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‘Faust’ brings storybook feel

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‘Faust’ brings storybook feel

Gregory D. Cook

Gregory D. Cook

Gregory D. Cook

From left: Kevin Granger, Jessica Boles and Kevin Lohmann portray Faust, Gretchen, and Valentine, in “Faust,” at The Empty Space on Sept. 29.

Chrystal Fortt, Features Editor

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Walking into The Empty Space for Bakersfield College’s first production of “Faust” is like walking into an old scary storybook.

Goethes’s “Faust” is an old German legend that has many different versions of the play.

This particular play is scary but humorous, and it sends many messages of morality, religion, and mythology.

The play was focused on Dr. Johann Georg Faust, who was a troubled scholar that was unsatisfied with all his knowledge and wanted more happiness and worldly pleasures.

Faust was so troubled that he wanted to kill himself with poison, but he has some sort of spiritual connection that stops him in the moment of killing himself.

Mephistopheles is a character that was represented as the devil.

Mephistopheles becomes one of the main characters as he makes a deal with Faust to give him happiness.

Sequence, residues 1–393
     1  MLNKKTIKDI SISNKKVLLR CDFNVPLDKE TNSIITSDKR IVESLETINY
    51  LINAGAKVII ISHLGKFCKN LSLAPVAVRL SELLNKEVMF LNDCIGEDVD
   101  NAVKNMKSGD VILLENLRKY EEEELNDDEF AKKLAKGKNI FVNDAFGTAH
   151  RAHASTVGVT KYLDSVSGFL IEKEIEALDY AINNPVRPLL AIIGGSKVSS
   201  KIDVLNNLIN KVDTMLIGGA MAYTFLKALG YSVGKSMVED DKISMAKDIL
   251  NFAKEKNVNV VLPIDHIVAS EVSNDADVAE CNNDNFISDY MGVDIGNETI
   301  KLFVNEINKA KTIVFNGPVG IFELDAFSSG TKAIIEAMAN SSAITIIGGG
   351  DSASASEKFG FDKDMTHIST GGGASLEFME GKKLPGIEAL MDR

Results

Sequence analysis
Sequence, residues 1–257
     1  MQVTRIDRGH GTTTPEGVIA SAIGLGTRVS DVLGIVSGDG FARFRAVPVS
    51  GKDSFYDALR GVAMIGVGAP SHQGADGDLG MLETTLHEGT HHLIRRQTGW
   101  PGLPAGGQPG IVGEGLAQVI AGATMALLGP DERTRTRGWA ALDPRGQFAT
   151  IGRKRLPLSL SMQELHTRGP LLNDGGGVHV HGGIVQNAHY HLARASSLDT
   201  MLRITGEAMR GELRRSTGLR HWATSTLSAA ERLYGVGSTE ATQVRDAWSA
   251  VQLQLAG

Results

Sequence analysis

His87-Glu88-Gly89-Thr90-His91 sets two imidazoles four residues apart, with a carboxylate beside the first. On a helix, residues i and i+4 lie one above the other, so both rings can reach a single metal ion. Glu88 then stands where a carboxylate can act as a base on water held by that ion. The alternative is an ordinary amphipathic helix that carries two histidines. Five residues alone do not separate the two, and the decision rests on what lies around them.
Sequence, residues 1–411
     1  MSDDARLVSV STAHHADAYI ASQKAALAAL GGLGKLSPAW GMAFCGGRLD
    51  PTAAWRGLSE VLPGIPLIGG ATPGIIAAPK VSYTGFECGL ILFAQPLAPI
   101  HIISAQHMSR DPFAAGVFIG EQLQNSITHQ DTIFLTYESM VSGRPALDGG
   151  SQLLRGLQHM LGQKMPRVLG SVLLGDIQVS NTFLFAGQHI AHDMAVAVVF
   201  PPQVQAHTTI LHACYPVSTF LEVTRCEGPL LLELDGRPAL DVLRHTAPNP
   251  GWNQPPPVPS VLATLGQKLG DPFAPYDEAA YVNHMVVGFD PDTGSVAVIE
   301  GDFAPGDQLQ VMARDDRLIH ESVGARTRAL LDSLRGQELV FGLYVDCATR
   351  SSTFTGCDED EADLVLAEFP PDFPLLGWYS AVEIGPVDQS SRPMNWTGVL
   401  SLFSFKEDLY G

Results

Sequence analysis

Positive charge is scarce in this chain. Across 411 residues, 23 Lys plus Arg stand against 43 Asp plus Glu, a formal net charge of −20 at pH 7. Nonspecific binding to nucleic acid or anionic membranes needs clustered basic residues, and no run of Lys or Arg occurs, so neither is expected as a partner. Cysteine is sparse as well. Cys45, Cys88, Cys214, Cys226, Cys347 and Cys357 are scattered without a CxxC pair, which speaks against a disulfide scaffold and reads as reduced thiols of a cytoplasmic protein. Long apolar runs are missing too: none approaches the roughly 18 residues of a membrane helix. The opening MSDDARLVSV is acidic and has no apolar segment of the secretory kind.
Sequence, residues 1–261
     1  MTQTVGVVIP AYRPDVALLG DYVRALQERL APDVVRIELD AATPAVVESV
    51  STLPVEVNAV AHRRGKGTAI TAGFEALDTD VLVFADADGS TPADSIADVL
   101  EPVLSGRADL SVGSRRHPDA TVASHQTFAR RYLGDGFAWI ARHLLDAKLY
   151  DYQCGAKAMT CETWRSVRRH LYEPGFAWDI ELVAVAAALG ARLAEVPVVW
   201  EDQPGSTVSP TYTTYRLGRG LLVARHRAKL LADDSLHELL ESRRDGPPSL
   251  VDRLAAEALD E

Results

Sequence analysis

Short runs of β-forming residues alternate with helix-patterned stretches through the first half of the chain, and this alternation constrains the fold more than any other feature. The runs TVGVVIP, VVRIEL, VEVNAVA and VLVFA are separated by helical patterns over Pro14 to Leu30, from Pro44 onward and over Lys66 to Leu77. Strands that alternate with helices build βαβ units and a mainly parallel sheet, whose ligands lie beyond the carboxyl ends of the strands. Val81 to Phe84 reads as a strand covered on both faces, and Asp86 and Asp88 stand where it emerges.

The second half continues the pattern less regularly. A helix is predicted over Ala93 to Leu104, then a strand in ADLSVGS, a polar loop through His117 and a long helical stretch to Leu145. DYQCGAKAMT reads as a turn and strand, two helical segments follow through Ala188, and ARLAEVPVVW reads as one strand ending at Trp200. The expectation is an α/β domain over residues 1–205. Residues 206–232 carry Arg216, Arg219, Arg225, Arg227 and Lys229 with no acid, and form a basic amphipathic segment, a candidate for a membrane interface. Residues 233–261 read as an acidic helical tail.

The deal was Mephistopheles would give Faust happiness if Faust gave his soul to the devil and in return, Mephistopheles would be Faust’s slave.

Faust was debating whether to take the deal or not, but he ultimately sells his soul to the devil because he thinks he can achieve happiness through the devil.

“When Mephistopheles comes in and proposes to be [Faust’s] servant,” he said.

“[Faust] goes for it in the hopes that he would actually gain more from his life,” said Kevin Ganger who played Faust and is one of the directors.

“The really ironic thing is, even with the devil’s help the devil always kind of semi gives him what he wants, but it also ends up failing in the end. He is a very tragic character in that way,” he said.

Mephistopheles was able to give Faust happiness through the lust of a beautiful, innocent, poor maid named Gretchen.

“[Gretchen] is a young woman who is expected to be perfect based on her society and she struggles with temptations just like all of us,” said Jessica Boles who played Gretchen.

Mephistopheles goes through a great deal of trouble to tempt Gretchen with worldly possessions and happiness so it would be easier for Faust and Gretchen to lust for each other.

Once Faust and Gretchen had come together, they went through many tragedies.

Despite all the tragedy throughout the show, there were many humorous parts especially because of the wittiness and charm Mephistopheles has.

The beginning of the show was humorous and it seemed the story would end humorously.

But as the story developed, there was a strong change in the mood with a lot of tragedy, especially in part two of the play where it became serious and sinister.

The uniqueness of the play is not only in the wide variety of moods it goes through, but the uniqueness was also in how the spiritual characters were shown in the play.

“I chose to have the spiritual characters in the style of German expressionism, which is that really tense, expressive faces and bodies and contorting themselves in very strange ways,” said Cody Ganger, one of the directors of the play.

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‘Faust’ brings storybook feel